United States v. Aviles, 170 F.3d 863 (9th Cir. 1999)

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US Court of Appeals for the Ninth Circuit - 170 F.3d 863, 99 Cal. Daily Op. Serv. 1847, 1999 Daily Journal D.A.R. 2397 (9th Cir. 1999) Argued and Submitted April 14, 1998. Decided Aug. 18, 1998. Amended March 15, 1999

Robert R. Riggs, Katzoff & Riggs, Cobb, California, for defendant-appellant Salvador Aviles.

Karen L. Landau, Oakland, California, for defendant appellant Miguel Angel Barrenechea.

Suzanne A. Luban, Berkeley, California, for defendant-appellant Rafael Cornejo.

Robert D. Bacon, Oakland, California, for defendant-appellant Carlos A. Perez.

Albert S. Glenn, C. David Hall, Stephen G. Corrigan, Theresa J. Canepa, Assistant United States Attorneys, San Francisco, California, for the plaintiff-appellee.

Appeals from the United States District Court for the Northern District of California; Thelton E. Henderson, District Judge, Presiding. D.C. No. CR-92-403-TEH.

Before: NOONAN, TROTT, Circuit Judges, and WALLACH,* Judge.

ORDER

The opinion filed on August 18, 1998 is amended as follows:

153 F.3d at 937, sec.6, p 2: Remove the third sentence and "On the other hand," from the fourth sentence and insert, "Yet, taking into account all the factors in the application, an impartial judge could not have denied the application on the ground that the necessity for the wiretap had not been shown."

Id. at 938: Under "Compliance With Speedy Trial Act" replace p beginning "On these premises" and the calculations that follow with:

On these premises there were eight hundred and forty-seven excludable days. The Speedy Trial Act was not violated. Our calculations are as follows:

OPINION

NOONAN, Circuit Judge:


Rafael Cornejo, Salvador Aviles, Miguel Angel Barrenechea and Carlos A. Perez appeal their convictions and sentences for offenses involving the distribution of cocaine. Their principal challenges go to the wiretap evidence against them and to the government's compliance with the Speedy Trial Act.

The Wiretaps. The Organized Crime Drug Enforcement Task Force (the Task Force) brought together federal and local agencies under the leadership of Special Agent Don A. Allen of the Federal Bureau of Investigation (the FBI). In May 1991, the Task Force began an investigation of Cornejo, who was a suspected drug dealer, a felon already convicted of income tax evasion, and an associate of known drug dealers. The Task Force employed surveillance of Cornejo's home in Blackhawk, Lafayette, California. Due to the location of the house off a narrow street without shoulders, surveillance was difficult. The Task Force learned from a prisoner awaiting sentence that Cornejo and his half-brother Aviles intended to purchase cocaine from Oscar Danilo Blandon-Reyes in September 1991. The purchase was for $300,000 and executed by shipments of a total of 81 kilograms of cocaine from North Hollywood to San Francisco. The shipments were made in the hidden compartment of a blue Nissan station wagon. The driver of one of the shipments was Mauricio Antonio Gonzalez, a felon previously convicted of possessing cocaine with the intent to distribute. By May 12, 1992, Blandon had been indicted and his arrest was imminent.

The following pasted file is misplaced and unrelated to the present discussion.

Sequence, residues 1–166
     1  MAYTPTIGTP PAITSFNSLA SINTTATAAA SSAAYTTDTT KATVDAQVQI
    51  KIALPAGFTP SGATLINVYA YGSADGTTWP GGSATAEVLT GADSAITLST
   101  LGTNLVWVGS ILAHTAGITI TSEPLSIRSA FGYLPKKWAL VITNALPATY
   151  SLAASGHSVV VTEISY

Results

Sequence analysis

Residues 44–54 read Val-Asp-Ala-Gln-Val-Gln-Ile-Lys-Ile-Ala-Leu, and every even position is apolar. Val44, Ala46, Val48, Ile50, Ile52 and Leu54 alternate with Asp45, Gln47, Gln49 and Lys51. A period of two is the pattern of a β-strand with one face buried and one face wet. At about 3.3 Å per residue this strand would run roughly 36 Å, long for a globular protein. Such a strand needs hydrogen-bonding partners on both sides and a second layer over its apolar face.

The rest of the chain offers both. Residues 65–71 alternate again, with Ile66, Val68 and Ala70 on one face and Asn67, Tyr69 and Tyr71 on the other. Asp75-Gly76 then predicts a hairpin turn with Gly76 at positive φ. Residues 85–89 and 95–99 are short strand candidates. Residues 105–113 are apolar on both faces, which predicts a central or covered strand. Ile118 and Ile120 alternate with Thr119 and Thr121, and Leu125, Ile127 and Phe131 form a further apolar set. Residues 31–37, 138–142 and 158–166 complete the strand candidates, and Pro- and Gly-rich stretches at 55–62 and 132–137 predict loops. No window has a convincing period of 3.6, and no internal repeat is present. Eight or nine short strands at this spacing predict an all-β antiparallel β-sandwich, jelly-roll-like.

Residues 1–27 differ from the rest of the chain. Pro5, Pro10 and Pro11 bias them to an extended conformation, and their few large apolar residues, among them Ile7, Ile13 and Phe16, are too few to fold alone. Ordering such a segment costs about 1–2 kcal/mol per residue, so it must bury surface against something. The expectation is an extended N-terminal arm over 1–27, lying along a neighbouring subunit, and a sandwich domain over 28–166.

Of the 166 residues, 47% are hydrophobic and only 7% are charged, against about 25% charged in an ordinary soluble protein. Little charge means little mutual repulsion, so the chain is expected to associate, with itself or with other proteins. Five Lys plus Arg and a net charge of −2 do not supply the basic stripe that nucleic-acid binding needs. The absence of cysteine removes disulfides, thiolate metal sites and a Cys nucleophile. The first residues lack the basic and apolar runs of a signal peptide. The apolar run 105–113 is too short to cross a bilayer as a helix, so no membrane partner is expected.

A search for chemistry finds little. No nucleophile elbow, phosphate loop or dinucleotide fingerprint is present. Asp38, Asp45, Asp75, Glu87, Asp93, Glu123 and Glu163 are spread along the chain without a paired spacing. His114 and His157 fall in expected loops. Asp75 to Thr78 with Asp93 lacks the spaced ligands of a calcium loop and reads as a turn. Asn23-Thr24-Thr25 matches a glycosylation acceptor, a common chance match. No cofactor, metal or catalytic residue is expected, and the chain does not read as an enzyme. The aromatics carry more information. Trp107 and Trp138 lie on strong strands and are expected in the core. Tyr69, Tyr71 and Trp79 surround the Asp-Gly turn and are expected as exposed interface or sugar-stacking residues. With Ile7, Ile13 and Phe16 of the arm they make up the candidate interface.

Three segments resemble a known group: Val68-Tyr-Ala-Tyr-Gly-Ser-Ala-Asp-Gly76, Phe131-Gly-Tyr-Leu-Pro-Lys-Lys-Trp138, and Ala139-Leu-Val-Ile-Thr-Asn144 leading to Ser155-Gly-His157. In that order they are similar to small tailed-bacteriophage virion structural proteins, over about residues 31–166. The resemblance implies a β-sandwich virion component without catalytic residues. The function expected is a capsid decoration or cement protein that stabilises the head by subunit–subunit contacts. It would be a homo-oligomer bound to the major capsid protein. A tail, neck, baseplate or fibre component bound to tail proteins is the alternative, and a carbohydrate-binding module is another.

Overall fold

The Task Force drew on an FBI Special Agent acting undercover to penetrate the money laundering of certain drug dealers. The agent identified Juan Masao Nomura as a key broker in Colombia. Through arrangements with this broker, on May 16, 1991 the agent received $110,000 to be wired to an account at the Banco Del Estador in Palmira-Valle, Colombia. Surveillance of the depositors of the cash revealed them to be Cornejo and Aviles.

The Task Force employed telephone toll records and court-authorized pen registers (devices mechanically recording the number called by, or calling to, a particular phone and the duration of the call) to draw inferences as to Cornejo's customers. Through these telephone records a close business connection between Cornejo and Donald Pomeroy Roberts, Jr. of Portland, Oregon, was indicated. Roberts, a former felon convicted of the possession of marijuana, was already under investigation for drug dealing. On December 19, 1991, Special Agent Allen, working undercover, met Roberts and heard from him that Roberts' friendship with Cornejo had begun in 1977 when they were both imprisoned in Panama on charges of smuggling cocaine. Roberts asked Allen in his undercover guise to launder between $50,000 and $100,000. On April 1, 1992 Roberts was arrested and indicted for violation of federal narcotics laws.